chapter  6
17 Pages

The gendered contradictions in South Africa’s state housing: accumulation alongside an undermining of assets through housing


Introduction This chapter has two aims. The first is to examine the mass-subsidy housing programme in South Africa from a gendered perspective, focusing largely, but not exclusively, on particular positive social outcomes of the programme. The second aim is to highlight the ways in which the housing programme is less positive, revealing negative outcomes for residents, some of which are distinctly gendered. As such, the chapter contributes to wider debates on asset accumulation by offering an analysis of the contradictions of housing as a gendered asset by examining the lived experiences of housing beneficiaries, in order to support feminist scholarship on the challenges of ‘women’s access to and control over housing’ (Rakodi 2014, 2). Its focus is South Africa where, since the fall of apartheid, the state at the scale of the city has adopted a mix of developmental policies alongside policies that support existing capital, state, and traditional elite interests (Parnell and Robinson 2012). ‘Developmental’ policies refer to those interventions which are progressive and which focus on universal basic needs and engendering citizen participation, and result in actions which are redistributive (after Parnell and Robinson 2012). This wider policy context includes increasing formal housing supply, implementing welfare policies, improving schooling and health care, and broadening political inclusion, and is actively shaping the urban spaces of South African cities, with the housing programme transforming large swathes of cities, particularly their peripheries. Arguably these developmental interventions contribute to forms of gendered asset accumulations, as would be expected from progressive structural change. Recognition of state-led interventions in shaping assets accumulations is important, and contributes to a broadening of the debate beyond bottom-up practices to consolidate and acquire assets (see Moser in Chapter 1). The South African mass-subsidised housing programme is the topic of much research (see Cross et al. 2013; Zack and Charlton 2003; Tissington 2011; Huchzermeyer 2011) and some of this is discussed below. Despite this research, work exploring the social outcomes or the lived experiences of ‘delivered housing’ is relatively patchy but growing (see Charlton 2014). Furthermore, there is limited work on the gendered outcomes of state housing per se (although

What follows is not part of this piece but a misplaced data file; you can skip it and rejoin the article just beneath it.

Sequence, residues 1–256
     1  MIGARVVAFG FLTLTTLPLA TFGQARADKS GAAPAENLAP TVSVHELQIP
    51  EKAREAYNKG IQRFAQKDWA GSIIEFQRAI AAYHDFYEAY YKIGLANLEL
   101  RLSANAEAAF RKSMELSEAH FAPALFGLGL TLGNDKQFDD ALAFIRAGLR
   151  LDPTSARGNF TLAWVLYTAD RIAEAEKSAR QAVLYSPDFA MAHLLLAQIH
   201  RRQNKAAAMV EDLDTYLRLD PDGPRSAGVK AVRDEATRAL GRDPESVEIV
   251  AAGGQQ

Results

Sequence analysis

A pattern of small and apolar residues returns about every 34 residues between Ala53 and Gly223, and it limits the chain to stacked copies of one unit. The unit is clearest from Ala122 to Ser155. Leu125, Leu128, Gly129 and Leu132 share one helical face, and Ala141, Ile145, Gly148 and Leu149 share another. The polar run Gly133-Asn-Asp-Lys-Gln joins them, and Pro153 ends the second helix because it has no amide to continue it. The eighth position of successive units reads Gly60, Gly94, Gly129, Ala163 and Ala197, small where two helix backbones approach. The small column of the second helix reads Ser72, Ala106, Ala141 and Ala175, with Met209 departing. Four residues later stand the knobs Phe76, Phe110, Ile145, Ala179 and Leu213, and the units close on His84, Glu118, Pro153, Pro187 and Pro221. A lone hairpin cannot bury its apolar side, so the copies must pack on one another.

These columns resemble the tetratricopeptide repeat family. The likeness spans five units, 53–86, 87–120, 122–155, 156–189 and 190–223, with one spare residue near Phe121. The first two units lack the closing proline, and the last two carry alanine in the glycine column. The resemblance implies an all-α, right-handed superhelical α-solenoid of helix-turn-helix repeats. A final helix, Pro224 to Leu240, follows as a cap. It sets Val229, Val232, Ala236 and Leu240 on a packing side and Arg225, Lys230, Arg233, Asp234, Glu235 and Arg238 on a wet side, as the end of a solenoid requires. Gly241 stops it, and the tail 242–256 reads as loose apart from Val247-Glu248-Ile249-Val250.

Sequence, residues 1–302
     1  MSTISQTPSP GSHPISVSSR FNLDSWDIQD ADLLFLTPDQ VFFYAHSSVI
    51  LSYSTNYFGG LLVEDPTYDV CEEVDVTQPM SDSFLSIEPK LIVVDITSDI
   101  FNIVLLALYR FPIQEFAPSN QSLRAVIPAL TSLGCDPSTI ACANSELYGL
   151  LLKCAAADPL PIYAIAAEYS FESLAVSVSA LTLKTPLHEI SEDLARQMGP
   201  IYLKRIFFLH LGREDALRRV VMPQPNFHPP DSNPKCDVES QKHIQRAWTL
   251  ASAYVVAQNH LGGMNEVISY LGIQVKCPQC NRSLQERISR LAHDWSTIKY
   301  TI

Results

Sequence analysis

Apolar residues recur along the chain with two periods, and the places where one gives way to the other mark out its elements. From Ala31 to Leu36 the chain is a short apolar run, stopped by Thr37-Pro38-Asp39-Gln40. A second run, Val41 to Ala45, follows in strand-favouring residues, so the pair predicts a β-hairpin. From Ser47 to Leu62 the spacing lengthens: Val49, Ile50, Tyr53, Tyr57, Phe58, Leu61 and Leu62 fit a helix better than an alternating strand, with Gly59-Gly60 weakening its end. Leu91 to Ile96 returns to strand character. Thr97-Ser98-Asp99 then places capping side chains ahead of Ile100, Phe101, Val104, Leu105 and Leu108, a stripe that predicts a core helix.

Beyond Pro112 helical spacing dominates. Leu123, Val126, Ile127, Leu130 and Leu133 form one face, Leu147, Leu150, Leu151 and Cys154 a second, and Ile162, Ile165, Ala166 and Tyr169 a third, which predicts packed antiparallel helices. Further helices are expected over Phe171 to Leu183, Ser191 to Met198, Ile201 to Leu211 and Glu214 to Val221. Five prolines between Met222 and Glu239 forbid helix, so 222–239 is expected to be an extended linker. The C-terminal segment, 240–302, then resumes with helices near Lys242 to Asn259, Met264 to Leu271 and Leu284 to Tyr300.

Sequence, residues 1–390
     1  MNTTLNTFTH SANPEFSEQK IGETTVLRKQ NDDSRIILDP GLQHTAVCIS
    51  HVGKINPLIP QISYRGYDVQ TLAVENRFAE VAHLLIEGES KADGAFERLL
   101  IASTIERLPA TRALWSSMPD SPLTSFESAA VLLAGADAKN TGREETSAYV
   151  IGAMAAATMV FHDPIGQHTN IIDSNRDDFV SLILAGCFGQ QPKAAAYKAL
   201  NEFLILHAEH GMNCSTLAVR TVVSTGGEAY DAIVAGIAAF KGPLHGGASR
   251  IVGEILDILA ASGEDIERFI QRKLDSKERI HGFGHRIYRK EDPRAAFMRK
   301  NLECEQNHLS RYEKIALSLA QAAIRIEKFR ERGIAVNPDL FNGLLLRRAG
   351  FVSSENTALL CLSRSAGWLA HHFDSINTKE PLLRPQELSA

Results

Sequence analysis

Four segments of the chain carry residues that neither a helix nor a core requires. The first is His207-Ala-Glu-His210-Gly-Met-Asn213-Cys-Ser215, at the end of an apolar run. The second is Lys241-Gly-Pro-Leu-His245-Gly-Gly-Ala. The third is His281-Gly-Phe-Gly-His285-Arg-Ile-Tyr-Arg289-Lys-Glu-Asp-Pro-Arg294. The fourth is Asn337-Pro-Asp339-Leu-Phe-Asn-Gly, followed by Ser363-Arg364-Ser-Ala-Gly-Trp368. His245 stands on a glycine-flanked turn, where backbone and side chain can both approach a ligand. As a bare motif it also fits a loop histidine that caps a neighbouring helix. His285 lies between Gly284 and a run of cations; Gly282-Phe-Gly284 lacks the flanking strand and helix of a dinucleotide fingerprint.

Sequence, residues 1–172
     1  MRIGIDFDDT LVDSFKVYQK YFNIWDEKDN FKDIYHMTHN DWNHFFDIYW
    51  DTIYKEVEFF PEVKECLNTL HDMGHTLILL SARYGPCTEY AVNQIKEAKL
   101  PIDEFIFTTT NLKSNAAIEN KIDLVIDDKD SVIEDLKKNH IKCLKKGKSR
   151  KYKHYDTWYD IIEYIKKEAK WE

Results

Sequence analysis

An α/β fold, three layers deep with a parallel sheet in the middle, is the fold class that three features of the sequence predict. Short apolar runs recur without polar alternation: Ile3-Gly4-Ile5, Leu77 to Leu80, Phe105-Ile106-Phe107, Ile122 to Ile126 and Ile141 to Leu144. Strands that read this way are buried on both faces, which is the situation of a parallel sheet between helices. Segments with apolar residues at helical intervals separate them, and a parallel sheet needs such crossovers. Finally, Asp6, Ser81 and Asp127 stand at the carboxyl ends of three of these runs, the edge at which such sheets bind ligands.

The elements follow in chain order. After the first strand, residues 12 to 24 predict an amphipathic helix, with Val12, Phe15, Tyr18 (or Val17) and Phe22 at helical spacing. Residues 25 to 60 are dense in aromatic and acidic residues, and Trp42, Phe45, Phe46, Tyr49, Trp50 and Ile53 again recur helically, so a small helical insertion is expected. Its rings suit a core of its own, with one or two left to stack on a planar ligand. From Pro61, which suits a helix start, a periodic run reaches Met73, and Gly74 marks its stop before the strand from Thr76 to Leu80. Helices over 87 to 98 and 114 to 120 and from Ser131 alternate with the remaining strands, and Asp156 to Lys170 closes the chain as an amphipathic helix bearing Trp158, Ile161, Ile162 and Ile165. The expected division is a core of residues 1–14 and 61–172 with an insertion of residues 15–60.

see Chenwi and McLean 2009 on gender and housing inadequacy). However, research by Charlton (2004, 2014), Venter and Marais (2006), and myself (Meth 2014b) provides evidence that receiving a home is very positive for many women, but that negative outcomes are evident too. It is these contradictory outcomes that form the focus of this chapter. The chapter briefly outlines the mass-subsidised housing programme in South Africa before analysing at the micro-scale the home and the gains and losses of the housing programme, including those which are gendered. It concludes by considering how the housing programme can contribute to gendered asset accumulation through social changes in particular, as well as exploring the implications of the analysis for the production of a transformative and just city.